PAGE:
• Score: 0

3:41pm Tue 20 Nov 12

Fat Harry says...

It doesn't matter too much to me how a decision is reached, I'm just delighted that one small step has been taken on the road to getting a bus station for York - after decades of buck-passing, someone has grasped the nettle and made a decision.

Hallelujah - give it 50 or 60 years and it might become reality.

Any move to encourage people onto the buses must be accompanied my measures to make the buses reliable; ie ensure every bus that is timetabled to run does actually run, and that all buses run as close to time as humanly possible.
It doesn't matter too much to me how a decision is reached, I'm just delighted that one small step has been taken on the road to getting a bus station for York - after decades of buck-passing, someone has grasped the nettle and made a decision. Hallelujah - give it 50 or 60 years and it might become reality. Any move to encourage people onto the buses must be accompanied my measures to make the buses reliable; ie ensure every bus that is timetabled to run does actually run, and that all buses run as close to time as humanly possible. Fat Harry
  • Score: 0

4:50pm Tue 20 Nov 12

tobefair says...

hokey cokey says...
2:11pm Tue 20 Nov 12


tobefair wrote:
Coun Merrett said the council aimed to significantly increase passenger numbers by 2015

When will the council realise that buses and bicycles are for people who don't own cars.

I have a large car but also use my bicycle and bus regularly. When will tobefair realise he has blinkers on?

When will hokey cokey sell his large car and get a more economical smaller car and then he can get rid of his bike?
hokey cokey says... 2:11pm Tue 20 Nov 12 tobefair wrote: Coun Merrett said the council aimed to significantly increase passenger numbers by 2015 When will the council realise that buses and bicycles are for people who don't own cars. I have a large car but also use my bicycle and bus regularly. When will tobefair realise he has blinkers on? When will hokey cokey sell his large car and get a more economical smaller car and then he can get rid of his bike? tobefair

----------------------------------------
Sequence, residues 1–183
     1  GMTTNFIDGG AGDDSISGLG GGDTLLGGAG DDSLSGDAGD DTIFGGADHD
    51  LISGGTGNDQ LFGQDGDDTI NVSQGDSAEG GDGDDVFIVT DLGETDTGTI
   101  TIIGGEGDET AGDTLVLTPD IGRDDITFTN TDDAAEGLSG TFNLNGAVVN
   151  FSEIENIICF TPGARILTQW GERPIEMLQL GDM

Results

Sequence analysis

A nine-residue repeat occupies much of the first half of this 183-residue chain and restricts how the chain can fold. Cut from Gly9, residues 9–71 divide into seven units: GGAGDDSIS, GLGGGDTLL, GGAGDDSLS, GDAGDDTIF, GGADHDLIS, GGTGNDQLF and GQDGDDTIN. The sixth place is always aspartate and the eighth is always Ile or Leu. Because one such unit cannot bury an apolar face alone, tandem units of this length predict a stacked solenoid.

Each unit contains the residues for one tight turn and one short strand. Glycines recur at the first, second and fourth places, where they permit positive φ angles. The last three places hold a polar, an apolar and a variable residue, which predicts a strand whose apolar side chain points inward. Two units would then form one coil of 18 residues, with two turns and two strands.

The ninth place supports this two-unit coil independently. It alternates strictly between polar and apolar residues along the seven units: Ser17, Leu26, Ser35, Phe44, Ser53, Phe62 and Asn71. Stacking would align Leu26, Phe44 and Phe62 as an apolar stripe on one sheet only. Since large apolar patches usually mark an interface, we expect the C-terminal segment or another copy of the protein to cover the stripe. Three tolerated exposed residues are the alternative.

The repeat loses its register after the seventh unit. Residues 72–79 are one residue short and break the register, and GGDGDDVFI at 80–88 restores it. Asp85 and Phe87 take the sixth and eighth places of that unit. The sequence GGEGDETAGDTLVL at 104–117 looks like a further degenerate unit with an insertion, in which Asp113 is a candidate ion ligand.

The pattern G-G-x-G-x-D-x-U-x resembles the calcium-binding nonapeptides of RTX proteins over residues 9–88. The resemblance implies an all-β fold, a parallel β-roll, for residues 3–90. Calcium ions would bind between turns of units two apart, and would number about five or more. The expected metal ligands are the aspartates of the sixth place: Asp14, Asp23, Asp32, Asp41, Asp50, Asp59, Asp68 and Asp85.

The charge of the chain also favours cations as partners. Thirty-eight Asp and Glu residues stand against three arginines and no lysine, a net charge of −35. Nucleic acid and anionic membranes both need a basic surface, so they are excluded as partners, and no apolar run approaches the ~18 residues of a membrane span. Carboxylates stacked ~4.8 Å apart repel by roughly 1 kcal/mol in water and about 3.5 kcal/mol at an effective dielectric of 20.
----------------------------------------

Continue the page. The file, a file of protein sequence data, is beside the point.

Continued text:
• Score: 0

8:53pm Tue 20 Nov 12

pedalling paul says...

I could name half a dozen residents in my street who own both a car and a bike. They make intelligent travel choices eg cycle the short distance into York for commuting, and use the car for other journeys.
I could name half a dozen residents in my street who own both a car and a bike. They make intelligent travel choices eg cycle the short distance into York for commuting, and use the car for other journeys. pedalling paul
  • Score: 0

10:07pm Tue 20 Nov 12

Sawday2 says...

peterstreet wrote:
Sawday2 wrote:
“Yet again Labour has taken a decision in private and away from proper scrutiny by residents or opposition councillors. "

Anyone thinking about voting Labour in the future should take note.
For goodness sake get your facts right, nowadays it is perfectly normal for decisions to be taken in this way and it is done all over the country, the reason is to save time and money and the scrutiny, if it is necessary is by a scrutiny committee of councillors. It was done many times by the last Lib Dem Council and in addition the Lib Dems gave power to some officers to take certain decisions without having to refer to elected Councillors. No wonder less and less people are bothering with this site. I believe it is because of blatant politicking without any regard to accuracy. Why can't you comment on the issue?
The quote was from the article. Perhaps you should get your facts right. T*T.
[quote][p][bold]peterstreet[/bold] wrote: [quote][p][bold]Sawday2[/bold] wrote: “Yet again Labour has taken a decision in private and away from proper scrutiny by residents or opposition councillors. " Anyone thinking about voting Labour in the future should take note.[/p][/quote]For goodness sake get your facts right, nowadays it is perfectly normal for decisions to be taken in this way and it is done all over the country, the reason is to save time and money and the scrutiny, if it is necessary is by a scrutiny committee of councillors. It was done many times by the last Lib Dem Council and in addition the Lib Dems gave power to some officers to take certain decisions without having to refer to elected Councillors. No wonder less and less people are bothering with this site. I believe it is because of blatant politicking without any regard to accuracy. Why can't you comment on the issue?[/p][/quote]The quote was from the article. Perhaps you should get your facts right. T*T. Sawday2
  • Score: 0

Comments are closed on this article.

Send us your news, pictures and videos

Most read stories

Local Info

Enter your postcode, town or place name

About cookies

We want you to enjoy your visit to our website. That's why we use cookies to enhance your experience. By staying on our website you agree to our use of cookies. Find out more about the cookies we use.

I agree